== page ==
Ibaka has scored 32 points on 50 percent shooting in the series. In 66 total minutes, the rest of the reserves have scored 23 points on 8-for-25 shooting, the most of which is obviously just Powell’s output.
The most obvious solution for the Raptors is for Powell to just play better. He has had big moments in the playoffs before, and has the necessary tools to succeed against the Celtics. (Just tell him the Celtics are the Bucks, who he has tormented in both of the Raptors’ series against them. They both wear green. It’s close enough.) Backup centre, Robert Williams is an excellent rim protector, but he should be able to have some success at the rim against Boston.
There are, of course, other options.
Matching minutes against Time Lord
Marcus Smart grabbed all the headlines after his flashy shooting in Game 2, but a 5-for-5 first quarter by Robert Williams III — a.k.a. Time Lord — should be turning heads too. Williams has replaced Enes Kanter as the backup centre for the Celtics, and his youthful energy has somewhat exposed the aging duo of Marc Gasol and Serge Ibaka.
Against Gasol in the pick and roll, Williams’ rim run here is simply too quick for the Raptors’ big to recover, ending in an easy basket.
Help defense has been a challenge for the Raptors on Williams, as Powell fails to collapse and box out Williams on this thunderous dunk.
Ibaka has been in tough too, losing Williams’ body on this possession, resulting in more easy points for Boston.
It’s a more drastic move, but I wouldn’t mind seeing the Raptors match a slighter lineup with Williams’ minutes on the floor. Whether that’s Siakam spending some time at the five or Chris Boucher slotting in at centre, Williams has simply proven too athletic for either Gasol or Ibaka to deal with for consistent stretches. Using Boucher in this spot has the added effect of providing rest for Toronto’s starters; any baskets scored on the other end is gravy.
A more modest move would be to keep Gasol on the floor longer. Playing just 21 minutes in Game 2 due to foul trouble, Gasol was a step slow on a couple pick and rolls, but overall did his thing on defense: great positioning, solid rebounding, and tenacious in the gaps.
While Williams might get a couple rim runs against Gasol, we know the big Spaniard can be counted on to close possessions with rebounds and not lose the young man’s body. That can counteract the Time Lord’s effectiveness when he comes off the bench for energy minutes.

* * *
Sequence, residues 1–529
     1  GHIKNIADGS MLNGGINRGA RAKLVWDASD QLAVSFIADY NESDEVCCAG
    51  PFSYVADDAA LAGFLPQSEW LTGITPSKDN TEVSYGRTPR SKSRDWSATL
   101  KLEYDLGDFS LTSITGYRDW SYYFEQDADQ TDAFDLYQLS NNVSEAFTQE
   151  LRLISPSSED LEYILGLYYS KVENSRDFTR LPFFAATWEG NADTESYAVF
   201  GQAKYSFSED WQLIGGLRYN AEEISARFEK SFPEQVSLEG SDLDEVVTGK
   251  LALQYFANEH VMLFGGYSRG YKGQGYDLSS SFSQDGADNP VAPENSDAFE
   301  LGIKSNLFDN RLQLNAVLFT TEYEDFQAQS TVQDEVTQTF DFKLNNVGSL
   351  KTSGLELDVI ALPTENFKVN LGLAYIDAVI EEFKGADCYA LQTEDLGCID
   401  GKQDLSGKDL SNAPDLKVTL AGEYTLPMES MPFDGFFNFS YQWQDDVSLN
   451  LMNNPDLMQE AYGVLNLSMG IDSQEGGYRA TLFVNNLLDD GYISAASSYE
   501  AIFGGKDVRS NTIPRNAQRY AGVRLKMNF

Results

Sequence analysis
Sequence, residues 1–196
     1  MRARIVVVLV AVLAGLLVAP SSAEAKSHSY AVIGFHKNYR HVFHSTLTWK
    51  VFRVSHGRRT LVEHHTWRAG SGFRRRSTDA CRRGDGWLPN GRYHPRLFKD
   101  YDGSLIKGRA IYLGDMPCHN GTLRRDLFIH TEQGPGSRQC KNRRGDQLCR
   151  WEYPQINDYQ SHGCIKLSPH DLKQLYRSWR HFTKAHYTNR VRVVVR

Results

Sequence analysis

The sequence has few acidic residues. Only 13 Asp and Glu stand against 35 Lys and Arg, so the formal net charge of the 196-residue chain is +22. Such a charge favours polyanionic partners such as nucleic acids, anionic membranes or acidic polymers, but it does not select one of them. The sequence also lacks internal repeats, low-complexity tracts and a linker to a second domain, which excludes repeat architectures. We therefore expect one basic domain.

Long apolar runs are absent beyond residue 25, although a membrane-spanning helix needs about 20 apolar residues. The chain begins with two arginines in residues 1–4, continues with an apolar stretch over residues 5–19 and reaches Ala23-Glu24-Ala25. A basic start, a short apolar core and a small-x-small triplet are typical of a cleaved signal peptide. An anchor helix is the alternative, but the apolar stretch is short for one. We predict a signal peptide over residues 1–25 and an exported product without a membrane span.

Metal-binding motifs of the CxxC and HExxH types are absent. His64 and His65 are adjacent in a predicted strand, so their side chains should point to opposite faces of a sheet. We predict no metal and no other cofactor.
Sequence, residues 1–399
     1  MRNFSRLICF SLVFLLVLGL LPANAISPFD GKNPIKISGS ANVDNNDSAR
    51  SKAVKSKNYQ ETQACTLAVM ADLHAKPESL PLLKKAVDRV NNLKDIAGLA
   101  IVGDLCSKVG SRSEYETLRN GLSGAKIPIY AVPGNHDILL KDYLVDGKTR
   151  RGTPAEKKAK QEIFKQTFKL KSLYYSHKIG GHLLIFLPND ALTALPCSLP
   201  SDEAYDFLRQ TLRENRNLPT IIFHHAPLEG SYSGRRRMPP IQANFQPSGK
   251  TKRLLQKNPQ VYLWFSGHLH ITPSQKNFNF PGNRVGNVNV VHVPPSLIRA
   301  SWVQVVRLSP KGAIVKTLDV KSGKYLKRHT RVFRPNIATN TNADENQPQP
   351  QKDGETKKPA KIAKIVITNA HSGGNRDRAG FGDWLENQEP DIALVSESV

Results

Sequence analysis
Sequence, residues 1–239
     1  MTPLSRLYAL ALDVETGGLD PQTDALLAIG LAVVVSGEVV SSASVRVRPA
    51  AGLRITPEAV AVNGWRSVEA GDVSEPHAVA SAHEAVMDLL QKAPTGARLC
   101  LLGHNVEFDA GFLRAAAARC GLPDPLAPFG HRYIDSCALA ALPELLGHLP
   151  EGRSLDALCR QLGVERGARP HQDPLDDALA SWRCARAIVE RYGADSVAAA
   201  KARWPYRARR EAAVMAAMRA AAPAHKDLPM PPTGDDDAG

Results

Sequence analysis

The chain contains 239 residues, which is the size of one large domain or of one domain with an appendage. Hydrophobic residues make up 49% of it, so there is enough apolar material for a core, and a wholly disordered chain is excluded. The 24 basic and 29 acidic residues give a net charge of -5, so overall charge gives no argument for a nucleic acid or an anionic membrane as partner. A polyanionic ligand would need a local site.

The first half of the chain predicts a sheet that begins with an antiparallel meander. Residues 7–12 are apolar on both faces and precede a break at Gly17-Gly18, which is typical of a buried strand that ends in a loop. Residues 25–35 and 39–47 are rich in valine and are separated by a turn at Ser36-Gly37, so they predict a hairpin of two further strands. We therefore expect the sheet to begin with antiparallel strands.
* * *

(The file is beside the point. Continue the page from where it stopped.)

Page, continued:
With Tatum and Kemba cooking in the Sixers series, there wasn’t as much of a need for Smart to take on a heavier load offensively, but the Raptors have much better wing defenders than Philadelphia and Smart has recognized that and been more assertive in Round 2. While his touches and time of possession have remained relatively similar, Smart’s been way more aggressive in pulling the trigger on even semi-contested looks. He has taken 24 FG’s in the first two games of this series after logging just 30 in the entirety of the first round.
“He does whatever needs to be done to win,” Stevens said. “And tonight we needed a little jolt offensively.”
While many, including myself, expected Smart to take on a bigger playmaking role in the playoffs without Hayward, it’s actually been Jayson Tatum who’s stepped into that initiator role, even more when Kemba Walker sits. Tatum’s touches (68.1 to 73.5) and time of possession (3.5 to 4.4) have both skyrocketed. Given the leap he’s shown in his passing, it’s no surprise that Brad Stevens is handing him the keys to the offense. Playing in more of an off-ball role makes that spot-up shooting all the more important, and Smart getting back to last year’s level on catch-and-shoot jumpers could be a crucial factor in swinging this series Boston’s way.
No team has ever come back from a 3-0 series deficit, so the importance of Thursday’s contest can’t be overstated. Still, knowing there’s a mountain to climb can be an overwhelming thought. Sometimes you can’t help but gaze at the top and lose focus of what’s in front of you.